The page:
The FAQ asks users to shed a little light on this situation. Since you’re already working on a fix for this you might already know why it happens - but I’ll pipe up anyway.
In the case of the specific flight referenced above (EGF351) that’s an American Eagle commercial flight. Eagle flight numbers are actually 4-digit numbers, usually.
So, in the above example, EGF351 represents American Eagle Flight 4351 from KORD to KTOL (Chicago to Toledo.) But there’s also an American Eagle flight 3351 from KDFW to KTUL (Dallas to Tulsa.) Looks like it’s picking up both, based on the fact that the first digit (the 3 or the 4) gets dropped off of the flight number. Hence, two flights with the same number (3351, 4351)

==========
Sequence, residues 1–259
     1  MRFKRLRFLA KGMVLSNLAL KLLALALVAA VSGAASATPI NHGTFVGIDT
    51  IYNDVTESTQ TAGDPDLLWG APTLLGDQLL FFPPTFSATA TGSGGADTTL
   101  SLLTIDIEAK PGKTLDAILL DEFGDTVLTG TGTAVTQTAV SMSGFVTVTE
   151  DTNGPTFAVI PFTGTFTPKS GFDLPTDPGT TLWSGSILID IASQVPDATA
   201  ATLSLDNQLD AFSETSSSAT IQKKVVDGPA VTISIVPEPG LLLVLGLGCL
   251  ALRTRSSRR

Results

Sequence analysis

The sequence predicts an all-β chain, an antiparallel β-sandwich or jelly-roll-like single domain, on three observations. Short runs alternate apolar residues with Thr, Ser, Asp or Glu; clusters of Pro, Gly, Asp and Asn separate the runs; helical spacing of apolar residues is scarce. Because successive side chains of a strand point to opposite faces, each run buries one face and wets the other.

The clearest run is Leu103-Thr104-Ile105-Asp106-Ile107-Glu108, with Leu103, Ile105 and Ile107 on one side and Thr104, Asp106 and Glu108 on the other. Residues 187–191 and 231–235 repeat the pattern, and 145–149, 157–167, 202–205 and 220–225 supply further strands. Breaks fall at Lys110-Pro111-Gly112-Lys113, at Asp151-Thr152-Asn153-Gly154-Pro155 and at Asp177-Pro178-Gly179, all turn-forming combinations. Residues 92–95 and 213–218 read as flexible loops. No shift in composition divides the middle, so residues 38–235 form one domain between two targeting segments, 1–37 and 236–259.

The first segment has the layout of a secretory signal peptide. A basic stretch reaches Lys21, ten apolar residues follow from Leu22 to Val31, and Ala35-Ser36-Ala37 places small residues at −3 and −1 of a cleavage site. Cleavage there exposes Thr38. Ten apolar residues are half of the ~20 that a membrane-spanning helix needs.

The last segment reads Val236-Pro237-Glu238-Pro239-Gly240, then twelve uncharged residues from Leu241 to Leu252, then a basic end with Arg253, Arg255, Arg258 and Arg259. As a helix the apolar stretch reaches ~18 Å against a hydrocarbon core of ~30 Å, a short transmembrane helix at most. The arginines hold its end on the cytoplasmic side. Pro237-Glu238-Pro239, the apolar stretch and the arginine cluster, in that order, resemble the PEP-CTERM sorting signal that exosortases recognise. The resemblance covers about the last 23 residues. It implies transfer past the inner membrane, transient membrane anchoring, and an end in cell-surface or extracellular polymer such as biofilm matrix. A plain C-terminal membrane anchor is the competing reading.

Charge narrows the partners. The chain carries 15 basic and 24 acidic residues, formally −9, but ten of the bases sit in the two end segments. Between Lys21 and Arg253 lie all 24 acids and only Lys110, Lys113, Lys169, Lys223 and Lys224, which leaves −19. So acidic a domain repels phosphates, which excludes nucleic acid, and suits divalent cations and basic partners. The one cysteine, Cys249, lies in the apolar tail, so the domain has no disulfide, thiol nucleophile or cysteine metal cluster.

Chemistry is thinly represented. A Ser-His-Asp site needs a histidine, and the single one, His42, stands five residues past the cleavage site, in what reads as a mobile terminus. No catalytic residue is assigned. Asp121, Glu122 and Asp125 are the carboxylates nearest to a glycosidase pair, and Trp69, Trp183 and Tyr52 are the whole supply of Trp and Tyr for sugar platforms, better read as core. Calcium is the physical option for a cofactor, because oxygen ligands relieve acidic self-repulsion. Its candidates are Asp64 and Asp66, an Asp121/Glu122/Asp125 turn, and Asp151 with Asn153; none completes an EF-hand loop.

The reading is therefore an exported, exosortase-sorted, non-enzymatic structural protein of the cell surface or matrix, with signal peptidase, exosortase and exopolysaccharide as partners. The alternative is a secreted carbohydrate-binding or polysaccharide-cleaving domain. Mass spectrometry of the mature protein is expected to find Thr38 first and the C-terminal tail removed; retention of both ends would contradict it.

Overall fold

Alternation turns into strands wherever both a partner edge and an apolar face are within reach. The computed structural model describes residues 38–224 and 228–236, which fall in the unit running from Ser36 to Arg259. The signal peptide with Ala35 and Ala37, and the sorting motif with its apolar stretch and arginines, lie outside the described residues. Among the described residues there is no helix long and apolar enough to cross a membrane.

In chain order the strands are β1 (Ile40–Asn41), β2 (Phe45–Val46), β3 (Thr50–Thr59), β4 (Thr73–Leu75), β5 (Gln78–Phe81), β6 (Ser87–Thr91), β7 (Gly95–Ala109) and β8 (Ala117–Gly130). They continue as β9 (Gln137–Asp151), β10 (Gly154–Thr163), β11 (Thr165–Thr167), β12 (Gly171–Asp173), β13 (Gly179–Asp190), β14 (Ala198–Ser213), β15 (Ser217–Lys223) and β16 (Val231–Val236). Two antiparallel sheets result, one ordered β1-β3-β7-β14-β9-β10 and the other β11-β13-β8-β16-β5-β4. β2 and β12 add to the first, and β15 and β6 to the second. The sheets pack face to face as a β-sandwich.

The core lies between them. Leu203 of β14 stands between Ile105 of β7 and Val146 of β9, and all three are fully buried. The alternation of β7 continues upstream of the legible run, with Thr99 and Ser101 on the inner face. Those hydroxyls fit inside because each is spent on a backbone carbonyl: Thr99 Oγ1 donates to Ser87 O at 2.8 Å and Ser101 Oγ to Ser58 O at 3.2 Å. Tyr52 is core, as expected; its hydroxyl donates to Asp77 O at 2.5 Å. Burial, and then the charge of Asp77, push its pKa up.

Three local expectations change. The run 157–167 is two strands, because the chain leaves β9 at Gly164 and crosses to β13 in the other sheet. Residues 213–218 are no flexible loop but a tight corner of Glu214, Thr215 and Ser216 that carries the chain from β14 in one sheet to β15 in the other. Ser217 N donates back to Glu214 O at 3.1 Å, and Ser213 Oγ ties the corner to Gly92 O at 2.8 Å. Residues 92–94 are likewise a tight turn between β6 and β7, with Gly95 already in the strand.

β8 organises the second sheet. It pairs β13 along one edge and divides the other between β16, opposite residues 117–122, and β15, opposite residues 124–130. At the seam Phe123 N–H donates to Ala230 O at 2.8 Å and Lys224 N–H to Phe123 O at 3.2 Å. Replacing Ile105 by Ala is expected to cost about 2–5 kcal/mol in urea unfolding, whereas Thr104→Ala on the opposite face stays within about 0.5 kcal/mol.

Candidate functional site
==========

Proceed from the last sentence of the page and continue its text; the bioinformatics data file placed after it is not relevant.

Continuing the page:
(Incidentally, these are technically American Airlines flight numbers, Eagle’s parent company. There’s an entry in the Bug Aware lists to connect express carriers to their mainline parents. I wonder if this will help the bug?)
Also, to answer the other question in this thread, airlines will use the same flight number when they want to offer “direct” service to a location. For example, American Airlines offers “direct” service from Orlando (KMCO) to Shannon, Ireland (EINN) all on one flight number (AAL212). That way they can market the flight as “direct service” without mentioning that the flight isn’t non-stop. It makes a stop in Boston (KBOS).